As May saw it, a music series at the church would not only give area classical musicians an additional place to play, it would give listeners a more intimate venue for hearing that music, outside the domain of the more formal concert halls at the local colleges.

And Wallace, in a statement, said All Saints’ Church boasts “stunning acoustics” and has long been “a community that values music and hospitality…. our building has for 22 years been known for its intimate setting … and welcoming feel,” making it a good setting for new music.

Stenroos says approximately 25 to 30 musicians (including herself) are expected to be part of the Norwottuck concert series, though the number could change, as additional concerts are being considered. The number of performers on stage also varies, from small ensembles of about four players to perhaps 25-30 (the latter would include a small orchestra and choir that would perform a Bach cantata, a concert still in the planning stages).

Though many of the performers have links to the Five Colleges, especially UMass, others are drawn from different musical settings in the Valley. For instance, baritone Colin Mann is director of choirs at the Williston Northampton School in Easthampton, and trumpet player Brooks Holmes is band director of South Hadley’s Michael E. Smith Middle School and a member of the New England Brass Quartet.

Within the Norwottuck Chamber Concerts is an additional series of performances, called “Cultivate,” that’s been organized by pianist Kristen Flanagan, currently a graduate student at UMass and also an arts administrator and teacher. November’s performance is part of Cultivate, as is a February concert of the new music, by Longmeadow native and composer Anthony Ferreira, inspired by “The Great Gatsby.” Finally, a Cultivate concert in May will include arias from a number of Mozart operas.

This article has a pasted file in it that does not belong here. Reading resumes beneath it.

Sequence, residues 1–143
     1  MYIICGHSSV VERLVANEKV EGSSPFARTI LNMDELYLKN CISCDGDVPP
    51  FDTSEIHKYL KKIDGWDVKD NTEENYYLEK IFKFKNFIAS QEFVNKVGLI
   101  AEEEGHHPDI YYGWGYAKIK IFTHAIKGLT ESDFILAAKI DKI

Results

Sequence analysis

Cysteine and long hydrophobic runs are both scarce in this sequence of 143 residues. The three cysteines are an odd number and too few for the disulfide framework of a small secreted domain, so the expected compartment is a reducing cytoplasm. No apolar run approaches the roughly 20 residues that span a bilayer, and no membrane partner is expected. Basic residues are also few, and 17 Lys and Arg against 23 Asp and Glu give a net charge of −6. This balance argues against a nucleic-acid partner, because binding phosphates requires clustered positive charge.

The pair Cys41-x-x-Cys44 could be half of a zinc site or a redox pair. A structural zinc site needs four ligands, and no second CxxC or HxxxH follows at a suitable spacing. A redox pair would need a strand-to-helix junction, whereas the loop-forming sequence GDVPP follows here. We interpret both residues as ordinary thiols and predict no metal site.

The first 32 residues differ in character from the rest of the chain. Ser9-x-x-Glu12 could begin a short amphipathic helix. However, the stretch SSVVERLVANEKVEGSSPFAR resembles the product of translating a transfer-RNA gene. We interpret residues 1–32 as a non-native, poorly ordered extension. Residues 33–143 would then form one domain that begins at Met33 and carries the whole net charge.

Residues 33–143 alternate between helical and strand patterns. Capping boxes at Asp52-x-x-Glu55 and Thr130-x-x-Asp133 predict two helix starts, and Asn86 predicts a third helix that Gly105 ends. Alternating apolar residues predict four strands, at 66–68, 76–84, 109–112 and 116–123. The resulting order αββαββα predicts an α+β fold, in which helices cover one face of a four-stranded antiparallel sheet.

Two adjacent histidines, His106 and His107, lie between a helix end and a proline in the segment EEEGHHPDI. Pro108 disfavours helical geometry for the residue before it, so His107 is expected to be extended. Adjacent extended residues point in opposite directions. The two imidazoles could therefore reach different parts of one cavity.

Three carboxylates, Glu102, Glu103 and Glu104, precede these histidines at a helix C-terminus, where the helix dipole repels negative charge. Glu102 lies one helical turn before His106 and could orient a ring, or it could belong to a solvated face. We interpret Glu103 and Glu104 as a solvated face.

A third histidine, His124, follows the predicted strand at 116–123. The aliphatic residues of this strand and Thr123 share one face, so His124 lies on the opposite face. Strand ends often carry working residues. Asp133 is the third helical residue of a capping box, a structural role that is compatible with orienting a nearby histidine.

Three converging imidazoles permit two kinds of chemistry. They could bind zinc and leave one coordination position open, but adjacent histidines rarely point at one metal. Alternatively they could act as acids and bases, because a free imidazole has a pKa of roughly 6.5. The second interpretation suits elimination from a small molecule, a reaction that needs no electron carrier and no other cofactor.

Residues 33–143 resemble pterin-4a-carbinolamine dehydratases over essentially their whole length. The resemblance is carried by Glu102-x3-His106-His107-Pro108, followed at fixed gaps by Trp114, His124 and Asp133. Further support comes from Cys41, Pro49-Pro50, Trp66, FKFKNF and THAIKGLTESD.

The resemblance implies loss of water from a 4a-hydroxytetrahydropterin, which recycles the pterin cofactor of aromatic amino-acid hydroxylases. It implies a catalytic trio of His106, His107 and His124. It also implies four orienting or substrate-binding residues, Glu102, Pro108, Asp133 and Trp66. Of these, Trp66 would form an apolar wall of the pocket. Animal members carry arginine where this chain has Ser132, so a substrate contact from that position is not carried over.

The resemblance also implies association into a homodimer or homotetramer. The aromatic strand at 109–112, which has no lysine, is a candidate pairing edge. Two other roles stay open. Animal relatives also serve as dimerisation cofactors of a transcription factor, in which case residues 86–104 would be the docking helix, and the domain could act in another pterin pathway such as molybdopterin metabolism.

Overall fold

In December, meantime, former UMass Choral Director Wayne Abercrombie will conduct a “singalong” version of Handel’s famous “Messiah,” featuring soloists Olivia Heinrich, Natalie Lewis, Kyle Ransom and Cailin Marcel Manson, with accompaniment from a chamber orchestra. Audience members will be invited to join the choruses of the Christmas portion of Handel’s masterwork, in a benefit for area homeless people.

For Stenroos, the Norwottuck series is in a sense a continuation of the work she’s been part of in helping produce the Bach Festival at UMass, which began in 2015 and had its third round earlier this year. The festival’s origins can be traced to the day Stenroos came to one of her UMass violin lessons while wearing a T-shirt from her undergraduate days at The Conservatory of Music at Baldwin Wallace in Ohio; the shirt was from a Bach festival the school had hosted since 1933, and Stenroos’ teacher, Liz Chang, became intrigued with the idea of starting one at UMass as well.

Now here we are today,” said Stenroos. She noted that the networking and planning she has been doing for the last four years in the area’s classical music scene got its start when she was drawn in to help get the UMass Bach Festival, which involves dozens of participants and additional scholarly symposiums, off the ground.

“I love spreadsheets!” she said with a laugh. “I’ve enjoyed planning [the Norwottuck Chamber Concerts] almost as much as playing in them.”

Steve Pfarrer can be reached at spfarrer@gazettenet.com.

For more information on the Norwottuck Chamber Concerts, which take place on Saturdays and Sundays, visit allsaintsallwelcome.org/season-schedule. Tickets for some events will be available at the door; donations can be made for other concerts, and reservations for shows are also encouraged and can be made online.